Not many games have intrigued me as much as The Mind has. The card game from Wolfgang Warsch certainly was welcomed with critical acclaim when it was released in 2018. The Mind is a winner of three Golden Geek awards including Best Party Game and Best Co-operative Game. It was nominated for the coveted Spiel des Jahres and has won other awards too.
What aroused my curiosity is these awards are usually reserved for some games with serious clout. The Mind didn’t read like this at all. It’s a small box co-operative card game that takes around 20 minutes to play. Some people question whether it is even a game! What is going on? Well, the good news is you can read my review to find out…
In The Mind you have cards numbered 1-100. To one side you have a few lifelines. The 2-4 players sit in silence with 1 card in their hand. All you have to do, without signals or speaking, is to lay their cards face-up in number order from low to high. You literally play your card when you think the time is right! If they are successful, you move on to level 2, whereby everyone gets two cards, and so it continues up to level 8 for four players, level 10 for three players or level 12 for two players. If you successfully complete your final level you have collectively won. If you get a sequence wrong then you lose a life but can continue. If you win then you can attempt to do it all again, but instead of placing the cards face up, you place them face down.
That all sounds a bit bonkers I know, borderline farcical. It really does play like that though. Occasionally someone will signal to use a throwing star and you silently and collectively decide whether to toss your shuriken and all discard your lowest card or not. Equally as sporadic, you will put your hand back down on the table to refocus everyone and get back in sync.
What it’s like
The bizarre thing is, it really is as simple as it sounds. Yet when I play, I am really invested in the game. I don’t want to be the person that lays the number out of order. I don’t want to lose a life. You do feel connected as you silently scream the number you have in your head at your opponents in the hope that some sort of telepathy will work. Real joy will warm you when you lay numbers close together in the perfect order.
Increasing the player count, increases the difficulty. The game says ages 8 plus and that is perfectly reasonable. My 9 and 12 year olds have played this together claiming they’ve managed level 10, although without witnesses and with giant smirks on their faces I’m not entirely convinced! The increasing levels of difficulty build up like a symphony of pressure and tension. The experience is unique.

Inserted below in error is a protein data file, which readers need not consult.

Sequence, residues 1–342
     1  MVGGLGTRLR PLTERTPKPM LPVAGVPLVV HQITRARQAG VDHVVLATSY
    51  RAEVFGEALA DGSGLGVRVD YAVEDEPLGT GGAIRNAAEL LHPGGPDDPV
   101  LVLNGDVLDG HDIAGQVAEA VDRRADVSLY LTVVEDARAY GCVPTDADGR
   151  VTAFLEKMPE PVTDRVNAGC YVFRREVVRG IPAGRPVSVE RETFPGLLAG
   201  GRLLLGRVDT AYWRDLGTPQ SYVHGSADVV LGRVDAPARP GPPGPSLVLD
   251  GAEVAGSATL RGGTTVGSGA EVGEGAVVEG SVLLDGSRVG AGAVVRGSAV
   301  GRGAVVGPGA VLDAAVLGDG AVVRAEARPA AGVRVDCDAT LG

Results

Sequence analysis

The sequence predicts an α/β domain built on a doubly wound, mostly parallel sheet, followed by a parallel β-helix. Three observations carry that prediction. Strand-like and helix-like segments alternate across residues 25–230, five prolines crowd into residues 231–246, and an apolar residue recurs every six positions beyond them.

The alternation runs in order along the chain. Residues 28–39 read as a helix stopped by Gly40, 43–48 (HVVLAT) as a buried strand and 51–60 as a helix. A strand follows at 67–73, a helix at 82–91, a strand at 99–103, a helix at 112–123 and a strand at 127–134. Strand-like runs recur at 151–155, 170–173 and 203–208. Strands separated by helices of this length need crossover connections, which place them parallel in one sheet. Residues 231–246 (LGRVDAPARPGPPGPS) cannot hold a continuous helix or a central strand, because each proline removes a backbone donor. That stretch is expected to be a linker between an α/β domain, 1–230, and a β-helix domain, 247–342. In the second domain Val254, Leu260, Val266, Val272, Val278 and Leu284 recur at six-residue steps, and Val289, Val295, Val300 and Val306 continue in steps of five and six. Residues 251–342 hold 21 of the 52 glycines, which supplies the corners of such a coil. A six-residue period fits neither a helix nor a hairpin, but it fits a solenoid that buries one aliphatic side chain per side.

I know from reading other reviews some people do not feel invested in the game and even question whether The Mind is a game! I have got to level 12 with my wife and the victory and excitement is on a par with any other co-operative game we have played. It has moments of panic, heart-racing excitement and nervous adrenaline. Not many games deliver that. Speaking from experience, win or lose, you also want to play again, to check it wasn’t a fluke or to try to improve. I think if you are sitting on the sidelines thinking this is just dumb (and some people will I’m sure), then that mentality will prohibit your enjoyment of the experience. You need to be invested in The Mind to get the maximum from it.
The cards are good quality. Obviously with numbers from 1 to 100 form follows function, but they are clear and still good-looking. The throwing stars are as you would expect them to look. The lives and level cards have a little more personality with a curious mystic bunny character adorning them in various pursuits.
Overall the components are exactly what you want and need from a game as minimal as this. Without doubt there are better looking card games on the market, but anything more than what it has would probably detract rather than enhance.
Final thoughts on The Mind
I can see that there is a certain novelty factor with The Mind. Once you have played it, completed it and showed it off to your friends, it won’t be hitting the table frequently. The same could be said of a lot of games though, particularly co-operative games and certainly legacy games. The joy of The Mind is it has an RRP of £9.99 and it is unlike anything else you will have played. It is brilliantly transportable, can be played literally on the fold down table of an aeroplane.
It is this unusual gameplay and unnerving interaction that grabbed the attention of many when it was released. Although a lighter game, it doesn’t necessarily feel it when you are fully invested in the process. It is mesmerising! Although I can understand why many people think it could be a party game, I disagree. Firstly, who only invites three other people to a party? Secondly, The Mind takes a bit of dedication and commitment, you have to really want to succeed for the game to not be a gimmick. Yes, I might play it after dinner with another couple, but the mood and the friends would have to be right to attempt it.
Overall I have thoroughly enjoyed playing The Mind. I am delighted to have risen to level 12 on more than one occasion and I haven’t finished with the game yet!
Number of players: 2 to 4
Board Game Review Recommended Age: 8+
Publisher’s Recommended Age: 8+
Playing Time: 20 mins
Setting Up and Take Down Time: 1 minute
Designers: Wolfgang Warsch
Publisher: Coiledspring Games
The Mind is an extraordinary gaming experience. In its raw simplicity it is immersive and gripping. I can finally see what all the fuss is about!
Artwork and Components
Value for Money
- A very different gaming experience
- Quick play time
- Easy to learn
- A lighter game
- Some people may consider it luck based
- You have to be willing to mentally invest
Buy The Mind
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